The eastern hemlock (Tsunga canadensis) is the state tree of Pennsylvania. It grew in dense stands in the primal Pennsylvania forest and covered vast areas of the state. It was, though, much to its ecological distress, a tree of great utility. Its coarse wood was used first to build cabins and then as mine props and railroad ties. Its bark was a rich source of tannins and other useful chemicals needed by the early industries in the state.
As important as the hemlock was, though, it was often called something else! Mason and Dixon (the famous line makers) called hemlocks “spruces.” It is not recorded what they called pine trees or if they ever saw one of our true spruce species. Many of our more distantly named Spruce towns and streams might be due to this surprising and terribly common (and maybe contagious) error.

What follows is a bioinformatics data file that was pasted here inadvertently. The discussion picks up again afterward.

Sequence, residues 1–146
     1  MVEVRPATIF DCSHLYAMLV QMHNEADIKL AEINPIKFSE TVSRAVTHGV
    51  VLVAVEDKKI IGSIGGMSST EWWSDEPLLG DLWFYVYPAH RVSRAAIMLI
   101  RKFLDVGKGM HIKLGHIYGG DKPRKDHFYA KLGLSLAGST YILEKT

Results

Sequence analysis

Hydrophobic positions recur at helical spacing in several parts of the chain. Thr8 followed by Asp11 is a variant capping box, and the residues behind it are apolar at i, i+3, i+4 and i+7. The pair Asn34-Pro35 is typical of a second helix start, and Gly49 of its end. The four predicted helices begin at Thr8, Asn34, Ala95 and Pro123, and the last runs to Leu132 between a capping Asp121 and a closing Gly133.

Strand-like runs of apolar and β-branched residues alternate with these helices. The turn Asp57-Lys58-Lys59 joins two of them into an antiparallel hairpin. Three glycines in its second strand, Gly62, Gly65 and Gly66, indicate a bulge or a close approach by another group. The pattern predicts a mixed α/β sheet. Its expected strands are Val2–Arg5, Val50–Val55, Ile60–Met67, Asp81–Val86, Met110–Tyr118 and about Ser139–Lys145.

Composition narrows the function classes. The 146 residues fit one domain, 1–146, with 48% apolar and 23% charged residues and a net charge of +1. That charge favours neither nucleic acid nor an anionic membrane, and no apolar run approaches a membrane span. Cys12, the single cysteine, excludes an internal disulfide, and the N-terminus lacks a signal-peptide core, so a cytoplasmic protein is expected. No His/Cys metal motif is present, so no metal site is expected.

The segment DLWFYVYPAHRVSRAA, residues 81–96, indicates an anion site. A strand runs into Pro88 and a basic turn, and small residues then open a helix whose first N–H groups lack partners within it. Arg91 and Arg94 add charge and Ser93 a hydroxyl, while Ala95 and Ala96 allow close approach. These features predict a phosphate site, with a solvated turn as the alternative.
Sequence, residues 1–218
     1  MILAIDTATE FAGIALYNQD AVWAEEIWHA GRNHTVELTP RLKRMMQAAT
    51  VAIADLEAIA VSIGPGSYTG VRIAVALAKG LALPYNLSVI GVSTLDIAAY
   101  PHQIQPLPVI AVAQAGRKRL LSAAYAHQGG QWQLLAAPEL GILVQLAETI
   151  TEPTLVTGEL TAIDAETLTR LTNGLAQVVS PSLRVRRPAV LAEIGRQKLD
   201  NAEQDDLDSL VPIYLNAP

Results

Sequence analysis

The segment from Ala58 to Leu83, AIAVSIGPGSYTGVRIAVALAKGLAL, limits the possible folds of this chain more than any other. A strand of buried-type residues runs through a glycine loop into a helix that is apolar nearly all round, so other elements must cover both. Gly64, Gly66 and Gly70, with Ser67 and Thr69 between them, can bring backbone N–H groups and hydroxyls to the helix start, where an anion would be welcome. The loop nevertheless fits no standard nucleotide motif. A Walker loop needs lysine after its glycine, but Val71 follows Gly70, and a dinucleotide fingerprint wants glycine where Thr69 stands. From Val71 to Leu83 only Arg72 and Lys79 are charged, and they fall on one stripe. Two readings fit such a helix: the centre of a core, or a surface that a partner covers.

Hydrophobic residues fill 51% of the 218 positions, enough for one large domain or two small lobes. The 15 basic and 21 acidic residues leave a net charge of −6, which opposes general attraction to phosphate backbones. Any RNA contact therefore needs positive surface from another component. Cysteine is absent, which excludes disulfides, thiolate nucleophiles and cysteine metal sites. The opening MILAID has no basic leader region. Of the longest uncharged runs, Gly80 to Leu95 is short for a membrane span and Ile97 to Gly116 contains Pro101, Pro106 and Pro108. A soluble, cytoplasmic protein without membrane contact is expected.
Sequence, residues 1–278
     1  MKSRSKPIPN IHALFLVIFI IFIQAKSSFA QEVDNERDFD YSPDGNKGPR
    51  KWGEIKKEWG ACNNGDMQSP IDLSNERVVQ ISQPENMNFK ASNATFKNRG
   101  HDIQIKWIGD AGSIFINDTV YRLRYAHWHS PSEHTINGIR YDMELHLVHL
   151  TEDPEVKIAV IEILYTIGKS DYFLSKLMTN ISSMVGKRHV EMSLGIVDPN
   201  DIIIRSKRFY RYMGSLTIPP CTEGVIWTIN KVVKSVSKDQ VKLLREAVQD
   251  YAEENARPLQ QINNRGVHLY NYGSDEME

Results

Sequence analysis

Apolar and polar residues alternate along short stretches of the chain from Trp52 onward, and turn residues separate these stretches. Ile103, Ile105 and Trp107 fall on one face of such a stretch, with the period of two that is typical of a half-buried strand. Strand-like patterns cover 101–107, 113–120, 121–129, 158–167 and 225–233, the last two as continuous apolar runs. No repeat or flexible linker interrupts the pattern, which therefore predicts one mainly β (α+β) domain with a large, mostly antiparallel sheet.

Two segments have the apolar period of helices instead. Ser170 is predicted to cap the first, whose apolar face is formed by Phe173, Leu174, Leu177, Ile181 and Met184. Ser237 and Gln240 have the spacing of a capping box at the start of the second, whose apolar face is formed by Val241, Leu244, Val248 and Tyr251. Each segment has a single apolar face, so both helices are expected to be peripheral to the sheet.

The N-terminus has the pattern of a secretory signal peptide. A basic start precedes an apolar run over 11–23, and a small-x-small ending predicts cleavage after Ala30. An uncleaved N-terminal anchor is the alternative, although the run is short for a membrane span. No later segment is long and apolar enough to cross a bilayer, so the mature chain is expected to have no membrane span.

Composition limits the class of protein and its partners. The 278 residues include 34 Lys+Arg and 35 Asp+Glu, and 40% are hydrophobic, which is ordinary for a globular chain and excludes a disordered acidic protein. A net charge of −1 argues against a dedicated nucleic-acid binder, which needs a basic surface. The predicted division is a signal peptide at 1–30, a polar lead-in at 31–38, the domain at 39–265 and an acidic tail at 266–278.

I had to cut down one of my blue spruces this summer. It quite suddenly dropped all of its remaining needles and stood dead and increasingly brittle right next to the electric lines running into both my house and my neighbor’s. This tree had a very odd shape. It had lost limbs and apical branches in storms and had a twisted, cartoon-ish shape. We called it “Uggo the Tree.” The birds waiting for their turns at my front yard feeders often lined up on Uggo’s limbs, and one cold, fall night coming home late from teaching I saw a great horned owl sitting on Uggo’s upper branches waiting for a rabbit or skunk to come into the feeder area for a snack. Goshawks and sharp-shins used Uggo for their hunting perches, too. Uggo, though, succumbed to the fungi around him and had to be taken down before he fell down. Uggo will be missed by by birds and humans alike!